While I feel really good about my choices and I think they were very much appreciated, it was kind of a big hassle. I'm not sure how I would have made it work if I had a family to take care of and without the added benefit of winter break (perks of being a teacher). The whole thing sounds great in practice and I'd really like to continue to gift in this way, but the experience really made me appreciate the convenience of stores like Target, where everything is in one place and you can know, with reasonable certainty, before you even walk in the door if they are going to have the things you need. That seems like an incredible luxury.

All in all, I think it's worth it. I think that the extra thought that went into each gift was appreciated by the receiver and I think it's important to vote with my dollars, so to speak, and spend them supporting the businesses that I want to thrive, no matter what I'm shopping for. However, I appreciate the need for balance. It's going to take some time to find the places in town that do consistently carry the things I need, so that it isn't a hassle every time. And there are some things that I'm just not going to be able to get locally. Which means that, if it's really something I can't live without, it's ok, every now and then, to just run to Target. 

Lifestyle Reboot - November: Sourcing Responsibly

There are a lot of things about living in the Midwest that I really appreciate. Low cost of living, not a lot of traffic, generally helpful, friendly people - these are all things I love. It is not, however, the most progressive part of the country, which means that, as I've mentioned before, I sometimes struggle to find sustainable options for things locally.

After spending almost the whole year avoiding fast fashion, I have had to accept that shopping exclusively secondhand in my city is probably not a sustainable long-term option. There aren't very many options outside of traditional thrift stores like Goodwill, which means that I often end up spending many hours searching at several different stores for the things I want and sometimes I can't even find them at all. At a certain point, it's just not really a feasible option, so I decided to devote this month to finding some acceptable alternatives.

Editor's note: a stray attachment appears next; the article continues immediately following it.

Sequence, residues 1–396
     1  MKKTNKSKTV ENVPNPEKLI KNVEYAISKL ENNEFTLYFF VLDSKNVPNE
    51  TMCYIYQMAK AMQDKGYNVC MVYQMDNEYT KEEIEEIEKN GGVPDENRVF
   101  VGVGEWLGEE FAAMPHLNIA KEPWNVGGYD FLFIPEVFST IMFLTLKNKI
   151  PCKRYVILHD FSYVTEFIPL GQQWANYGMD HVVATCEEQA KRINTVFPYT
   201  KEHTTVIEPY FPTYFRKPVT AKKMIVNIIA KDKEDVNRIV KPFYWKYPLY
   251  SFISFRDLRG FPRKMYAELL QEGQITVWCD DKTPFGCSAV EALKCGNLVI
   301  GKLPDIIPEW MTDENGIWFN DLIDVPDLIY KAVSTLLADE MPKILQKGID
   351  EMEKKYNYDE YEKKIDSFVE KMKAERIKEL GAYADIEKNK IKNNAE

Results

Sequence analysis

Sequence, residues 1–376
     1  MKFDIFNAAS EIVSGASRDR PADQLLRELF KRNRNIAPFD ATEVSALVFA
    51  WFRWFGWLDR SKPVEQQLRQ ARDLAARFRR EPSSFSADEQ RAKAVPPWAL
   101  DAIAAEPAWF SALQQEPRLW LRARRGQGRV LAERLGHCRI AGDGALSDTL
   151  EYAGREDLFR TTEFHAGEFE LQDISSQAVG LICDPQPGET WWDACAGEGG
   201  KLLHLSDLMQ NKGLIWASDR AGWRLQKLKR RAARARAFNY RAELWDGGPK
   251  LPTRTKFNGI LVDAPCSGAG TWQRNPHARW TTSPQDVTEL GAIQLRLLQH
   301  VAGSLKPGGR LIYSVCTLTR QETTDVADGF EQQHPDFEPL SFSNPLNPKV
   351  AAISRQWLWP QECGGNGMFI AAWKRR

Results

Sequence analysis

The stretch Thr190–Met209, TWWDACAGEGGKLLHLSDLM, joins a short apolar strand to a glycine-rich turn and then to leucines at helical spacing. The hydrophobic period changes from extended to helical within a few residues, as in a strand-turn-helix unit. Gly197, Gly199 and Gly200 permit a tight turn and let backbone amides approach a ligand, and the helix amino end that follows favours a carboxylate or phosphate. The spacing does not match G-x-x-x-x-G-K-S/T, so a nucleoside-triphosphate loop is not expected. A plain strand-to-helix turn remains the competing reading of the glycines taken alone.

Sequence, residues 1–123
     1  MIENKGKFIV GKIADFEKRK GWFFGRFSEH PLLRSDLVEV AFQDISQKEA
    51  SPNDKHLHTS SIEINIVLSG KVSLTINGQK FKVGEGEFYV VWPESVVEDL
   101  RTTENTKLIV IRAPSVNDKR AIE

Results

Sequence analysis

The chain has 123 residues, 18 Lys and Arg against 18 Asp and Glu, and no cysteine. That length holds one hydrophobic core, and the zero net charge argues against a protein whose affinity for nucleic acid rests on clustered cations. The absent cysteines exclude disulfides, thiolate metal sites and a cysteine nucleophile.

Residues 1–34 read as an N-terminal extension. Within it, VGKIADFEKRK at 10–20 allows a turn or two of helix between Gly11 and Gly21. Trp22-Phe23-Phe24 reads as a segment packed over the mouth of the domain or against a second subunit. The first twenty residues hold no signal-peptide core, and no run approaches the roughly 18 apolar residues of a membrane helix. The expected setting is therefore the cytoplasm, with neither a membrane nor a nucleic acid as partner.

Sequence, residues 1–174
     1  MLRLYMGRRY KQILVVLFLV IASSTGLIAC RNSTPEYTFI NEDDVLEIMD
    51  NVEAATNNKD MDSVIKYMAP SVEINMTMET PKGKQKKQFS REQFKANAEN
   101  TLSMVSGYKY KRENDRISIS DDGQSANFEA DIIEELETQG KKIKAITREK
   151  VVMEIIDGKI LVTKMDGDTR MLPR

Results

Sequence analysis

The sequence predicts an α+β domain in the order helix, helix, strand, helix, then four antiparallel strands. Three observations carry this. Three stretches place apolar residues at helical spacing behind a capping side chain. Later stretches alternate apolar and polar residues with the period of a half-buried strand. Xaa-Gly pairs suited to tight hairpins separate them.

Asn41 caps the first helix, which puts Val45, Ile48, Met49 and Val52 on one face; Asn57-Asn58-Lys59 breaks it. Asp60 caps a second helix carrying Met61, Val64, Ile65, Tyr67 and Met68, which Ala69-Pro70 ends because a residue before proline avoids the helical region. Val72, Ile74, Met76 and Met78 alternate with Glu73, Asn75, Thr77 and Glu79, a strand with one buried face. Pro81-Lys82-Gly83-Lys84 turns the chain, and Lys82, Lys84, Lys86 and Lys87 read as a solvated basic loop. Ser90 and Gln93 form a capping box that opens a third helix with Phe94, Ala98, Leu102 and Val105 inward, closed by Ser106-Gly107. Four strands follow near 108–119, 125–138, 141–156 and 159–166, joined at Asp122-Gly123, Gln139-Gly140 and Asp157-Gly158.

Since I've already committed to avoiding fast fashion for the year (and, really, the foreseeable future), there wasn't a clear daily goal or restriction for the month. Instead I made a point to spend time throughout the month researching brands and companies that have solid policies for sustainable, low impact sourcing and manufacturing.

My main focus right now is replacing bras and undies. A very cursory search for sustainable intimates reveals a wealth of options, including several round-ups of ethical brands. Here are a couple that I found helpful in my search:

There are a lot more and each company has its own focus and sustainability practices, so do take the time to read about a company before ordering to make sure it meets your own criteria. I wasn't able to find what I was looking for in the bra department, but I did order some new undies from PACT Organic that I am pretty happy with. They focus on organic cotton, so they also sell socks, hoodies, leggings and tops for both men and women. It's a great option for sustainable basics. I found that a lot of the brands on these lists sell more than just underwear, which is awesome if you find a brand you really like.

Other clothing brands I discovered this month that I'm interested in:
Icebreaker - merino wool outdoor and activewear
Satva - organic, sustainable yoga clothes and basics
Tonle - uses remnant material from fast fashion to create limited edition lines of adorable clothing

I am also in the market for some new shoes. My current fast fashion options are wearing out and I'd like to replace them with more high quality basics that will stand up to changing fashion trends and can be repaired as needed. I haven't ordered any yet, as I think I can make it through the season with what I've got, but I did find several companies that have some great options when I am ready to pull the trigger.
15 Ethical Shoe Brands for Every Occasion

Overall I was glad to find that there are so many options out there. Not every company meets all of my criteria, but I'm glad to see how many organizations are trying to do better. I was disappointed to find that there are still some things I just can't find. In those cases I plan to do the best I can and then try to take care of what I buy so that it doesn't have to be replaced very often. I think that the main take aways are just to take the time to actually read about what practices are being used by a company before supporting them.